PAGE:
Bohème, La (1926)
La Boheme (1926)
Directed by King Vidor, and based on the Henri Murger novel (Life in the Latin Quarter), this above average silent stars Lillian Gish and John Gilbert (among others) as starving artists that live in the same apartment building in Paris's Latin district, Bohemia, in 1830. It's primarily a love story between these two main characters, he's a writer named Rodolphe while she's a seamstress named Mimi. Important supporting roles are played by Renée Adorée, who plays Musette - the non-starving girlfriend of Marcel (Gino Corrado), Rodolphe's painting roommate, plus there's a piccolo playing songwriter Schaunard (George Hassell) and his ‘assistant’ Colline (played by an unrecognizable Edward Everett Horton, wearing glasses), and Roy D'Arcy, who plays an aristocrat that's interested in more than just Mimi's work. Some of the film's titles flash by much too fast to read, one or two frames at most, which requires a quick hand on the remote in order to read them.
Of course, the most difficult thing the artists face each month is paying their rent (in fact, this story has been adapted into plays & more contemporary musicals such as Rent (2005)). Eugene Pouyet plays Bernard the landlord; Karl Dane & Mathilde Comont play the Benoits, who manage the flats. However, by pawning their things, working together and sharing, the artists all seem to find the means to stay off the streets. Mimi is initially a loner, living alone in another flat, but through Rodolphe she meets his friends and becomes part of the group. Also, she meets Vicomte Paul (D'Arcy) on the street one day, and he becomes (in effect) her benefactor, ordering lots of work from her in order to get closer to her; he is quite taken with Mimi. One spring day, the artists go on a picnic in the country, taking their ‘adopted’ Mimi with them for the very first time. During the outing, Rodolphe and Mimi spend some time alone and declare their love for one another.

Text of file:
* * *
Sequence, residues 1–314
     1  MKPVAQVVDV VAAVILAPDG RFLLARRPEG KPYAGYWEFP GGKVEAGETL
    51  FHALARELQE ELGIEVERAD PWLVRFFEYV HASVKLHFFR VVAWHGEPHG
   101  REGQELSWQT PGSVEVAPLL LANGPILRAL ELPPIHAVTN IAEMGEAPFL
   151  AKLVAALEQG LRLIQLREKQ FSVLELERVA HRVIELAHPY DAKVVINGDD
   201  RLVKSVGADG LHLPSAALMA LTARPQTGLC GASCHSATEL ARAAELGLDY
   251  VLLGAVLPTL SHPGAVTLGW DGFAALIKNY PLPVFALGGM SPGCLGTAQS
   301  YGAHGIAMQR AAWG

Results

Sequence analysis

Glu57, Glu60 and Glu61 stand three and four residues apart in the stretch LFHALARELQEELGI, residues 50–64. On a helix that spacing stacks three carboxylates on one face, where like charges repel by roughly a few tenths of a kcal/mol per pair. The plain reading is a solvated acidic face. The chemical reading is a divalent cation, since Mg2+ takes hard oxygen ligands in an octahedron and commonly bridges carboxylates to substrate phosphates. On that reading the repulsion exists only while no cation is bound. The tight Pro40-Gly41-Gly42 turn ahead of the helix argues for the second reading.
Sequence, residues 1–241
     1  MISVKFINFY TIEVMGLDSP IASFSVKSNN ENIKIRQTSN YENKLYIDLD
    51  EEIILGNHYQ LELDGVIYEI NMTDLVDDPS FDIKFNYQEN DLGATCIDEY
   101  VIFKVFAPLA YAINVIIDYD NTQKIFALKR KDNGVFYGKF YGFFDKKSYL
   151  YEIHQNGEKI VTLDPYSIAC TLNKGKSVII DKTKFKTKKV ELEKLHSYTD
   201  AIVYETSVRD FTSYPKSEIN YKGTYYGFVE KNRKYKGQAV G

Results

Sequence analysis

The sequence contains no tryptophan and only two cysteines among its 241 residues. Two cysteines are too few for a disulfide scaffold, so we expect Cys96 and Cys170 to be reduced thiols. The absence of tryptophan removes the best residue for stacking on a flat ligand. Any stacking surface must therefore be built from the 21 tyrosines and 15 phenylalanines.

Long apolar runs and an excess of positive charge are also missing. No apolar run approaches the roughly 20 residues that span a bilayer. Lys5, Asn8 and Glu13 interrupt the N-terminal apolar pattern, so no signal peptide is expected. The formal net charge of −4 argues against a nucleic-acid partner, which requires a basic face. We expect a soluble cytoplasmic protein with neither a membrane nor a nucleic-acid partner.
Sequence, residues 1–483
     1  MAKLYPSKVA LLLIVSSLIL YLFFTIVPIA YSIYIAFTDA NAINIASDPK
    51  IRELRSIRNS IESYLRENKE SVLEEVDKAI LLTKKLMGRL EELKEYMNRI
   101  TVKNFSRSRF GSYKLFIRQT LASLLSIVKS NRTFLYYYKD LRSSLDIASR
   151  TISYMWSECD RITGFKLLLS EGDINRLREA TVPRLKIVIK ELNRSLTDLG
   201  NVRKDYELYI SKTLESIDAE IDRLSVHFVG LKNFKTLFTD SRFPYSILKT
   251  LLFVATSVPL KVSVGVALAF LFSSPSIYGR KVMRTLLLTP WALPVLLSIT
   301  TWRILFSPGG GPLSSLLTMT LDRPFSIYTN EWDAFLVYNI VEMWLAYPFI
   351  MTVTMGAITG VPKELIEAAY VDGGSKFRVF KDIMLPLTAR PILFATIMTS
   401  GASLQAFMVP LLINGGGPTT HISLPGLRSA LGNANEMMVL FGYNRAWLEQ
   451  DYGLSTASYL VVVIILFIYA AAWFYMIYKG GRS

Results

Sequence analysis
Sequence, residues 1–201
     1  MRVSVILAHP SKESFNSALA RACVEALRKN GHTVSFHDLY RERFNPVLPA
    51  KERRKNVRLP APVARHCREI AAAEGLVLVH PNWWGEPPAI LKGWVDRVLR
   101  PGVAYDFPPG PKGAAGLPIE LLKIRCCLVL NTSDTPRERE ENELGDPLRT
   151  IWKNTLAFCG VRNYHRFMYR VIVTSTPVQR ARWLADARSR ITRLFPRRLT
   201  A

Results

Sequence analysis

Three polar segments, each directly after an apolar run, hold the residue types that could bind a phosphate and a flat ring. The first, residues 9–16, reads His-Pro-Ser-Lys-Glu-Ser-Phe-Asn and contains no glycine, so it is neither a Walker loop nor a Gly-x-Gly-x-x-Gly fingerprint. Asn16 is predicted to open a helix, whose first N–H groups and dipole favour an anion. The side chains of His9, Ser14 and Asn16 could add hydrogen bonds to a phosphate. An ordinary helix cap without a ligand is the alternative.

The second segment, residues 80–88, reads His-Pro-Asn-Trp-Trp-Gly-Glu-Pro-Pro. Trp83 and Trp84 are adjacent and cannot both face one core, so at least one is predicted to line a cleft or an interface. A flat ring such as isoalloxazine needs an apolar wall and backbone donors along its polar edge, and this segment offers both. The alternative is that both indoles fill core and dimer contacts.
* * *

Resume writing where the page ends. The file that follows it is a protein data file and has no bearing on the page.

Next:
With Mimi's love, Rodolphe is inspired to write a play, at the expense of his other writings (e.g. those that pay his rent!). When Mimi delivers his latest article to the (uncredited, unless it's David Mir) paper's editor, he tells her it is too late, and that Rodolphe is fired. Mimi decides to keep this fact from him so that he can complete his play without worry. She works another job at night to pay Rodolphe herself as if he were still getting money from the editor for his articles, which she hides in a drawer in her flat. He is very excited about his play, and he acts it out of her in one of the film's many great scenes. She in turn acts it out for the Vicomte, who promises to share it with a friend of his that manages a theater, in order to win her favors. But Rodolphe discovers him in Mimi's flat and is outraged, he says that he would rather starve than receive the Vicomte’s assistance.
Later, however, Musette is able to arrange Mimi's introduction to the theater manager (Frank Currier). Meanwhile, Rodolphe is upset to learn of Mimi's deception. He discovers his writings in her drawer. He confronts her about it and she explains; all is well until he rightly suspects that she's been out with Vicomte Paul. Rodolphe flies into a rage and accidentally hurts Mimi. Realizing what he's done, and (then, finally) the sacrifices she's made for him, he vows to take care of her forsaking his play. But because of her love for Rodolphe, Mimi disappears when he leaves the room. His love and sorrow, suffering, enable him to write a great, successful play while Mimi slaves away in the slums of Paris. While celebrating his play's opening with his friends at his flat, Rodolphe proposes a toast to Mimi and beckons her. Somehow, she hears his plea and, though she's near death due to consumption (tuberculosis), she finds a way to make it to Bohemia and the building in which she used to live. She is reunited with Rodolphe and his friends, but only temporarily before she dies. These final scenes, Mimi's struggle across town and her death, are the film's best, and most powerful.